Tad Robinson delves into Memphis soul

 

The first thing you hear on Tad Robinson's new album Back

In Style (Severn) is the whirl of Kevin

Anker's Hammond organ on the song "Rained All Night." Soon to follow is a

rhythm section that sounds amped to play all night. The song is a throwback to

the late, great Willie Mitchell productions for the Memphis based Hi-Records in

the 70s, especially those with Al Green.

Hear "Rained All Night" from Back in Style (courtesy of Severn):

The I-IV-V songs are fading away with this latest

release, his third for Severn, as Robinson continues to blend blues and soul.

"We're gravitating deeper into soul territory and

groove-oriented music," Robinson explains. "There's something for everybody.

Some blues but not as much as before. It's an homage to the Hi and Stax sounds

from Memphis mixed with forward thinking and adding it to the soul cannon."

And how about those Memphis Horns?

"They create a real nice foundation for the tunes," he

says. "My producer [David Earl, who collaborated with Steve Gomes and Robinson]

thought they would be right and would be a great opportunity. They fit like a

glove and are on seven of the ten tunes."

Appropriately enough, his upcoming Jazz Kitchen gig will

feature a horn section.

"It's a full-fledged thing," Robinson says. "We want to

get the people in, obviously. I wanted to reward the Kitchen with the full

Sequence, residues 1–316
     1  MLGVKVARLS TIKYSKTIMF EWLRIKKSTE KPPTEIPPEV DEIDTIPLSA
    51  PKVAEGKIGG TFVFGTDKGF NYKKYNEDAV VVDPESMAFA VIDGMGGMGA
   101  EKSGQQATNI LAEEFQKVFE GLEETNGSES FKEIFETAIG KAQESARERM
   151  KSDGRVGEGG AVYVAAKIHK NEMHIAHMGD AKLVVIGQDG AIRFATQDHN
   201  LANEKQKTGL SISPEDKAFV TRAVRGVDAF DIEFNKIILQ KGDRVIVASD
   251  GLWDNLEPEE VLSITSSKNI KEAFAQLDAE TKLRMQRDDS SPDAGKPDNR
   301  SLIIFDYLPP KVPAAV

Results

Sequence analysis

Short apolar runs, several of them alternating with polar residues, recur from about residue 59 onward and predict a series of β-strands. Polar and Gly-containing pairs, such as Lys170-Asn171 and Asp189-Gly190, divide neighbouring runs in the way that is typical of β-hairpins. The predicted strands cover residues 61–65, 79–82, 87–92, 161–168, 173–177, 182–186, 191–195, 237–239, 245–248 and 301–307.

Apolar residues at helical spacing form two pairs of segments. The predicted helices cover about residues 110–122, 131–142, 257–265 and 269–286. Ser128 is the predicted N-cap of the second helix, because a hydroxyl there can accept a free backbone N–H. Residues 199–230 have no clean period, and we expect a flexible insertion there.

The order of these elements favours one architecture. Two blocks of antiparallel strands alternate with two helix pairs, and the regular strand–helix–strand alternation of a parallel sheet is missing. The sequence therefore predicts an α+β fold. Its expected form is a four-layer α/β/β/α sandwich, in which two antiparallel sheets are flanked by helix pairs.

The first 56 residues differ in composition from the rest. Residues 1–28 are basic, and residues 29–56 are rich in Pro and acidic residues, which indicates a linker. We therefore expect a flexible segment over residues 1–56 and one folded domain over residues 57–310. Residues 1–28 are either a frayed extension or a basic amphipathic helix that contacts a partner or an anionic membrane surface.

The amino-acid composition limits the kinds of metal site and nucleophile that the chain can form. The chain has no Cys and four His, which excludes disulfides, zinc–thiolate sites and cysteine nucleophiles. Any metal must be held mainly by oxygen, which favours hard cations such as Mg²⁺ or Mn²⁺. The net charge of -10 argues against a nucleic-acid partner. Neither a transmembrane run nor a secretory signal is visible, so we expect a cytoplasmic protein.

treatment."

Before he made his way to Severn, Robinson recorded

several albums as a bandleader and sideman for Chicago-based Delmark Records.

One of Robinson's earliest recordings (with Al Miller's Wild Cards) has been

reissued.

"I sang the Syl Johnson tune 'Stuck in Chicago,'"

Robinson says of the record.

His current home, the Maryland-based label Severn, is churning

out album after album of guitar slingers (although the label's recent Johnny

Moeller album Bloo-Ga-Loo is a must

listen). The label also features vocal giants Lou Pride and Darrell Nulisch.

"Severn is making a stand," he says. "They want to

present singers. It's less about guitar heroes and more about singers. Song

oriented, groove oriented, they're feeding into this thing."

Robinson says he likes listening to the recent crop of

soulsters like Sharon Jones, Eli "Paperboy" Reed and Seth Walker.

"I've been doing this for over 20 years. All of a sudden

it's hip again? For me, it never went away," he notes. "However, they are helping shine a light on artists

like Syl Johnson, O.V. Wright, Lou Pride and Dan Penn. The original

architects."

Matthew Socey is host of THE BLUES HOUSE PARTY for WFYI

90.1 FM. The show is a headline sponsor for Robinson's upcoming concert at the Jazz

Kitchen.

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